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July 23, 1999
Suchitra Singh Roy
Corel, the Canadian software giant famous for its image manipulation software CorelDRAW, has temporarily removed all its products from the India market.
A large part of Kashmir is governed by India and a smaller part by Pakistan. Both nations lay claim to each other's territory in Kashmir.
Some international maps mark Kashmir as a disputed area, while drawing a dividing line between the areas that are held by the two neighbours.
The CorelDRAW 8 clipart, however, shows parts of Kashmir to which India lays claim to be not part of India at all.
Corel learnt of the offending map on July 15 when its distributor in Pune, Datapro Infoworld, brought it to their notice.
Immediately, Corel executives verbally notified all Indian distributors to return the consignments of CorelDRAW 8 as well as stop sales of all their range of products.
Apart from returning consignments, distributors have also been advised to remove the software from their own systems.
Datapro Infoworld Chairman and Managing Director Rajeev Arora told Rediff "Actually, our reseller, Link Software, brought it to our notice. We immediately notified the Indian office of Corel in New Delhi. Later on, we also sent an email regarding this."
Corel Country Manager Ajoy Mohan Kapur, in turn, shot off a message to the multinational's Ottawa headquarters.
Yesterday, the Corel brass met to discuss the issue. But Kapur today told Rediff that a decision has not yet been arrived at.
Corel distributor Godrej Pacific Technology's Amrish Deshpande told this reporter "It is an issue concerning the sovereignty of the country and its geography. Knowingly no Indian would use it."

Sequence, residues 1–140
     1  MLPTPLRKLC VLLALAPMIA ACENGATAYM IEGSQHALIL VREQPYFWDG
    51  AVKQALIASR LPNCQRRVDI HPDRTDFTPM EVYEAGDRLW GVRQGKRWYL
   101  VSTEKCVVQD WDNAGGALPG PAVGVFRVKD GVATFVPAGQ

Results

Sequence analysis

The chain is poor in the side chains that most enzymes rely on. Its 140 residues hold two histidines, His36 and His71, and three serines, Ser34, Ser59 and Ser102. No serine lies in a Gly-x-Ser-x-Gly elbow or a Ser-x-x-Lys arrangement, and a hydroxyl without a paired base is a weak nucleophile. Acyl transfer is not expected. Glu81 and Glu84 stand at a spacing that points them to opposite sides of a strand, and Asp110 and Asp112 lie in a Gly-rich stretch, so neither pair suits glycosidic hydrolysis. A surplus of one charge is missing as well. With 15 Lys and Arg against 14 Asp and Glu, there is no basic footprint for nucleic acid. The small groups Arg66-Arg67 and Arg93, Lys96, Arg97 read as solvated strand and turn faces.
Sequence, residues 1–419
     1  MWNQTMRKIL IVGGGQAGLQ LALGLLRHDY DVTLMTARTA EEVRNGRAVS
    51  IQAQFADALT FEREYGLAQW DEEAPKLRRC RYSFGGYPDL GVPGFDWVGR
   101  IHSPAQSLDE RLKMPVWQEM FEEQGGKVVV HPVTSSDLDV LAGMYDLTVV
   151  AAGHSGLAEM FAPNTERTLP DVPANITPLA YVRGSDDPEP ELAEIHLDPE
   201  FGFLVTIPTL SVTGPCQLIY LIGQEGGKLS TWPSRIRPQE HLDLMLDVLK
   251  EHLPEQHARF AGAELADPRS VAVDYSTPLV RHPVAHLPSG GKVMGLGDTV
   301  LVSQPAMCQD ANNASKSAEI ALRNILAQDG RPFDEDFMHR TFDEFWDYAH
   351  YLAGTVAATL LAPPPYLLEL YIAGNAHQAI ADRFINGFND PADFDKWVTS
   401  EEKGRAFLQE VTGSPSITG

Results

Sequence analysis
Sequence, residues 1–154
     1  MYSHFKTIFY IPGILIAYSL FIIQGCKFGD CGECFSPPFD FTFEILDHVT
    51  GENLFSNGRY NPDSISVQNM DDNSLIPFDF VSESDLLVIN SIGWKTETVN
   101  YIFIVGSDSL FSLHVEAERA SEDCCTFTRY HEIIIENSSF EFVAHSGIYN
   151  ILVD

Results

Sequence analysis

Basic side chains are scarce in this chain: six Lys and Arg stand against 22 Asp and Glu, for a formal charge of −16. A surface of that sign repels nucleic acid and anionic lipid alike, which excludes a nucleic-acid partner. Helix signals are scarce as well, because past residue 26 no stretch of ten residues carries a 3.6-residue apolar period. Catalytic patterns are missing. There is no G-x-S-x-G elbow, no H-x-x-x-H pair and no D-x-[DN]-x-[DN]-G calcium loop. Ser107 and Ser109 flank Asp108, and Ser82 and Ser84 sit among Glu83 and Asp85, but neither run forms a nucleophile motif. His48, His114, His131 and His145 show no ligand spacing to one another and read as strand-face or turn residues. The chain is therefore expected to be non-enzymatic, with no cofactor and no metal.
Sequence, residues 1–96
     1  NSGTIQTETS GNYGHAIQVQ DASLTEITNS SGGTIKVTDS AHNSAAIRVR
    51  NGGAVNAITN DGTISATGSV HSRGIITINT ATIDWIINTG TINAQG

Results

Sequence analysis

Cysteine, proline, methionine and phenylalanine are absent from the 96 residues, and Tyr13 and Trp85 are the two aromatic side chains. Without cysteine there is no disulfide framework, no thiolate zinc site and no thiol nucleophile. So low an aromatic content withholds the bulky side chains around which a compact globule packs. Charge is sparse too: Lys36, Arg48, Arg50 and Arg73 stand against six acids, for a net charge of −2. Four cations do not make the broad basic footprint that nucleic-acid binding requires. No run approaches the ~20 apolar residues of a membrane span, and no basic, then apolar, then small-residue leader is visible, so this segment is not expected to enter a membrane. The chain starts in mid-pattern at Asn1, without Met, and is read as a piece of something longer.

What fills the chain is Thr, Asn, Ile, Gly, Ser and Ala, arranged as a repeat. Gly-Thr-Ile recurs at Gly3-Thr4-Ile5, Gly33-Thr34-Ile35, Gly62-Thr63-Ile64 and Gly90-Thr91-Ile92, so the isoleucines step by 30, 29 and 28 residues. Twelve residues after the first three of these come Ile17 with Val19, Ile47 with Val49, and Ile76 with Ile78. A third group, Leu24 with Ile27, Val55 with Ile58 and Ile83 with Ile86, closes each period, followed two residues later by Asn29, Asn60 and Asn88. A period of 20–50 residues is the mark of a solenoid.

Though the map has been noticed only in CorelDRAW 8, the law department at the Corel headquarters in Ottawa wants to preview clipart in all Corel products before further shipment to India. Hence the decision to withhold sale of Corel products in the country.
Kapur explains "I have told my distributors (to withhold sales) verbally as the formal note is being prepared by headquarters. Till then it is the company's moral responsibility to at least spread the word among distributors and resellers."
A CorelDRAW dealer in New Delhi that Rediff contacted feels the company might replace the current version 8.0 through an agency. "It is always cheaper to replace software than repair it," he pointed out.
Four years ago, software giant Microsoft had faced a similar situation when its Windows 95 operating system shipped into Asia and India with a similar map involving the Kashmir dispute.
Indian customs had then refused to clear the shipment. Microsoft eventually replaced the Windows 95 for the country before shipping began.
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